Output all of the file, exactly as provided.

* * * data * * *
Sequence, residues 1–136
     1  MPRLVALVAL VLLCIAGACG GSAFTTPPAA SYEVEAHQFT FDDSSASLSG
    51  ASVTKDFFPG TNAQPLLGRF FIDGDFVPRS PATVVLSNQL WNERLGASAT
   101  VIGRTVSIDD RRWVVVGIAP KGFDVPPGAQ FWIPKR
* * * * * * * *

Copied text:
Sequence, residues 1–136
     1  MPRLVALVAL VLLCIAGACG GSAFTTPPAA SYEVEAHQFT FDDSSASLSG
    51  ASVTKDFFPG TNAQPLLGRF FIDGDFVPRS PATVVLSNQL WNERLGASAT
   101  VIGRTVSIDD RRWVVVGIAP KGFDVPPGAQ FWIPKR